Violet Evergarden – Ep. 12

Please excuse the lateness of this post. Life has been very hectic and stressful for me and Anime Boston also took up my time last weekend.

Anyway, this episode of Violet Evergarden seems to be a mishmash of the final few chapters of the light novel. You do have Violet confront Diethard and you do have this train battle in the original text though they actually happened separate from each other. There is also one huge difference but that would actually spoil the light novel itself so perhaps it’s best to save it for another post instead.

On the episode’s own merits, there’s some good ideas going on here but the execution leaves a lot to be desired. Watching war creep back into Violet’s life ought to be interesting (and it was last episode) but the depiction we are presented with here feels too black and white. Violet’s refusal to kill being at odds with Diethard’s perception that she’s a human weapon is fine but the enemy soldiers the two face are so damn cartoonish. Having Violet beat up the same guys who killed Aiden should’ve been satisfying but it honestly felt shallow because those extras are just evil because reasons.

There’s also a couple of other flaws in the script. Benedict and Cattleya are just there to be a reason for Violet to get involved and to counteract Diethard’s insults towards her. To be fair, I can see a Doll acting as an ambassador given their line of work. Cattleya and Violet even helped with a political marriage for peep’s sake. Her and Benedict just sadly have little to do here. There’s also one big plot hole in Violet and Diethard’s argument over the former’s humanity. Violet insists that she doesn’t take orders, even going as far as refuse Diethard’s order to kill the soldiers…but she is technically following Gilbert’s order to live. Admittedly, she has been fulfilling the Major’s wish her own way but I think it still stands that there’s some mixed signals going on here.

For all its problems though, I am glad that the anime finally offered the long awaited confrontation between Violet and Diethard. The latter is one of the more interesting characters in the story — someone who has seen the worst of Violet, only acknowledges her utility, and has a hard time believing in her humanity. I thought it was a clever bit of juxtaposition to have Diethard save Violet just as the latter was about to lose her life and her brooch. For moment, Violet thinks it was Gilbert though it obviously couldn’t be true. Instead, it’s someone who bears a resemblance to the Major; sharing the same green eyes but lacking the kindness that Violet associates with them.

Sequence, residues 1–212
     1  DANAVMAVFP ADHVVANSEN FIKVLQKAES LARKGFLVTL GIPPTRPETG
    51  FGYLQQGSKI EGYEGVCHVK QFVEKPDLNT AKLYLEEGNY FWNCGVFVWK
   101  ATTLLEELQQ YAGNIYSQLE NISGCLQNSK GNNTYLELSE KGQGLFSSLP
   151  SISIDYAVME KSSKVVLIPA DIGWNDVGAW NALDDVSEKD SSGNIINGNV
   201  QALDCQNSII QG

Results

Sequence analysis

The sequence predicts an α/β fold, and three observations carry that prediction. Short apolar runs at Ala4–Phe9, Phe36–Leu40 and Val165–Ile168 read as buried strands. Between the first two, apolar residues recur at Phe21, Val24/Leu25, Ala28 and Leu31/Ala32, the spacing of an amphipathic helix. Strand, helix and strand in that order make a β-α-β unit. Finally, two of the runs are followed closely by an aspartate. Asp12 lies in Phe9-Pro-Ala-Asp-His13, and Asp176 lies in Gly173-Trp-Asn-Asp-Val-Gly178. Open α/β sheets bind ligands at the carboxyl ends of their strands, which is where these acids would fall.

That final shot where Violet deflects an explosive with her hands was pretty awesome too, even if I have to wonder how sturdy those are. Seriously, is her hands made of vibranium of something? Symbolically though, that action does speak greatly of Violet’s nobility and humanity. Her hands are the least human aspect of her being and yet they are what allows her to write the letters that have touched the hearts of so many. Having her use them to save Diethard reinforces that aspect of her character. If you think about it, Violet’s hands are effectively her tools but rather than be used for murder like Diethard had once proposed, Violet uses them to save people.

Will Diethard finally forgive Violet for Gilbert’s death and recognize her as a person? I think Violet has made a compelling enough of a case that she has changed for the better. With only episode to go, the answer will be revealed soon enough.

Thanks for reading!

Violet Evergarden is officially available on Netflix.

For more Violet Evergarden posts, check out the show’s archive page!

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